COLORADO SPRINGS, Colo.-Don't just send the coffee mugs to the F & I team, get out of the office to solidify relationships with auto dealerships being swayed by an increasing number of captive and bank offers.

Several sources urged credit unions to become more visible with dealers to battle a trend that could eventually eat into the indirect pipeline. Bill Vogeney, EVP/chief lending officer at the $3.6-billion ENT FCU, said this is particularly important as the economy improves, despite the "equity" credit unions built up during the recession by trying to help car sales and being consistent lenders. "When times are good, auto finance managers really don't care. It's all about 'how many deals can I get approved and how much can I make on this deal.' Credit unions might have the toughest time right now for auto loans. Any equity we built up with the dealers seems to have dissipated as market conditions are improving and credit standards are dropping. Loyalty doesn't mean as much when the dealer has more choices to get a deal done."

Michael Chapman, EVP/chief of consumer lending at the $6.7-billion Security Service FCU, San Antonio, the largest indirect CU lender in the nation, says SSFCU has built strong dealer relationships over the years by regularly getting out of the office and meeting with the F and I teams and dealer principles. He said it's especially important now for dealers to put faces with names, know they have someone to talk to when special considerations are needed, and that they will continue to receive great service.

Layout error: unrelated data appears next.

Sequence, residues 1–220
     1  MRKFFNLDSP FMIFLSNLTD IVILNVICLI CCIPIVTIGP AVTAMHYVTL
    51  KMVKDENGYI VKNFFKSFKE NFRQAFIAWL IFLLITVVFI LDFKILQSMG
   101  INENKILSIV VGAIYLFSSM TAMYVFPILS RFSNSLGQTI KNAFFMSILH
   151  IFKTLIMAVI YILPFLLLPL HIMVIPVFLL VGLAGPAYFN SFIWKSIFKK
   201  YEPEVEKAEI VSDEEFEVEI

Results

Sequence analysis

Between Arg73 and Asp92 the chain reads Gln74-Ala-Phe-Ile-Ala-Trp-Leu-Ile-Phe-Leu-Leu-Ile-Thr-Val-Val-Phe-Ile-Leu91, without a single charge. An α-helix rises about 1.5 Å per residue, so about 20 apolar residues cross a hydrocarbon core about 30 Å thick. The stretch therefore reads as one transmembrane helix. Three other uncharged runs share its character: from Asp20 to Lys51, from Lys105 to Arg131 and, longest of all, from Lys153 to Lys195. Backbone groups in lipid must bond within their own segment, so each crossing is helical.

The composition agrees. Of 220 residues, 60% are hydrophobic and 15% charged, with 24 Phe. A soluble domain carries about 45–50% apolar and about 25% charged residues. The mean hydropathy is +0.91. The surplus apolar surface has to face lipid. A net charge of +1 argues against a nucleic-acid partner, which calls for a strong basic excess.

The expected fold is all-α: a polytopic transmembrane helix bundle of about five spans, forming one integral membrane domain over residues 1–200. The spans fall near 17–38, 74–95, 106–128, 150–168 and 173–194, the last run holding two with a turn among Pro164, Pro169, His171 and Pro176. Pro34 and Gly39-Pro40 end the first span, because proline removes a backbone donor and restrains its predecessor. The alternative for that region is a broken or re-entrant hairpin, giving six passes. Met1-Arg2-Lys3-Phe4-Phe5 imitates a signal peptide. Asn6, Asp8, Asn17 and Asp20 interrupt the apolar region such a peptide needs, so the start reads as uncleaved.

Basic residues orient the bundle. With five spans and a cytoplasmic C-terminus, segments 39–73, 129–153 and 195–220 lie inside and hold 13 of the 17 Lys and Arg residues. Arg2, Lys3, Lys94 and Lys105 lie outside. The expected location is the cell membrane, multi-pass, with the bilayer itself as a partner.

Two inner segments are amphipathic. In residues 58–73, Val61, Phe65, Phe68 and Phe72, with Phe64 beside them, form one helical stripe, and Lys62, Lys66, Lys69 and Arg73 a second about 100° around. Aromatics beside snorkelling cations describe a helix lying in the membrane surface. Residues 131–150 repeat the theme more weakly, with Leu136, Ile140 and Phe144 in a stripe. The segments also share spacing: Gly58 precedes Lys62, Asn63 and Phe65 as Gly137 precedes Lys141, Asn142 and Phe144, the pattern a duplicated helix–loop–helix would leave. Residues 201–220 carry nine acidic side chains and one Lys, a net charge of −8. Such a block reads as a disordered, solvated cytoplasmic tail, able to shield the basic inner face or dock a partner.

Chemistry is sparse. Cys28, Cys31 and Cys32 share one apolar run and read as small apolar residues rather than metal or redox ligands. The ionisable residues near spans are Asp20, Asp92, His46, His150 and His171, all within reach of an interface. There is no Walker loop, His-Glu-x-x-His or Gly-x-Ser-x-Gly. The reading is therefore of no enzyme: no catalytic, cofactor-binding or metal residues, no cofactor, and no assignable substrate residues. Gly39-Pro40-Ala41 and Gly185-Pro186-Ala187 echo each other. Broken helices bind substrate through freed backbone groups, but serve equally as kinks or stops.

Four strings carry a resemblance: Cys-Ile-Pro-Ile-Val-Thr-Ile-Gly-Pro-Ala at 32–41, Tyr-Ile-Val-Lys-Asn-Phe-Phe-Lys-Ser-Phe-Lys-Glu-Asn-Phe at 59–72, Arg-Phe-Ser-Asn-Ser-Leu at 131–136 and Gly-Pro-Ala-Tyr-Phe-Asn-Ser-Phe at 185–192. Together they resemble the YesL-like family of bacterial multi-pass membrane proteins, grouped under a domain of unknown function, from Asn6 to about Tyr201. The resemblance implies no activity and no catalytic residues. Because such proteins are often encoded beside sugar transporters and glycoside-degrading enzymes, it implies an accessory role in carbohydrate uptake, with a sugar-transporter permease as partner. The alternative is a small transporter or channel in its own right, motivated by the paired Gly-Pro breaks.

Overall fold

"Rates are so low across the board," said Chapman. "With things sort of being equal the best thing you can do is to provide the best possible service for the dealer. Dealers always have the same issues-cash flow, finding someone quickly at the lender to answer a question, and getting an answer on loans quickly."

Frank Rinaudo, SVP of GrooveCar, Hauppauge, N.Y., pointed out that CUs are having a difficult time today competing with banks that are giving dealers much more room to mark up a rate. "Most of the credit unions we partner with do not allow the dealer to mark up the rate. But some banks have come back with a vengeance here, allowing as much as three points in markup."


Even More Obstacles

As if those obstacles are not enough, in San Jose, Calif., Keith Reynolds, community president of CEFCU West, said CEFCU has seen dealerships recently begin paying incentive fees to lenders for referring customers to them. "We have seen these incentives paid through the institution, and then also directly to loan officers."

Reynolds said CEFCU is watching to see if the CFPB will take any action to address this practice, as well as dealer markup, which he said can lead to discriminatory lending patterns.

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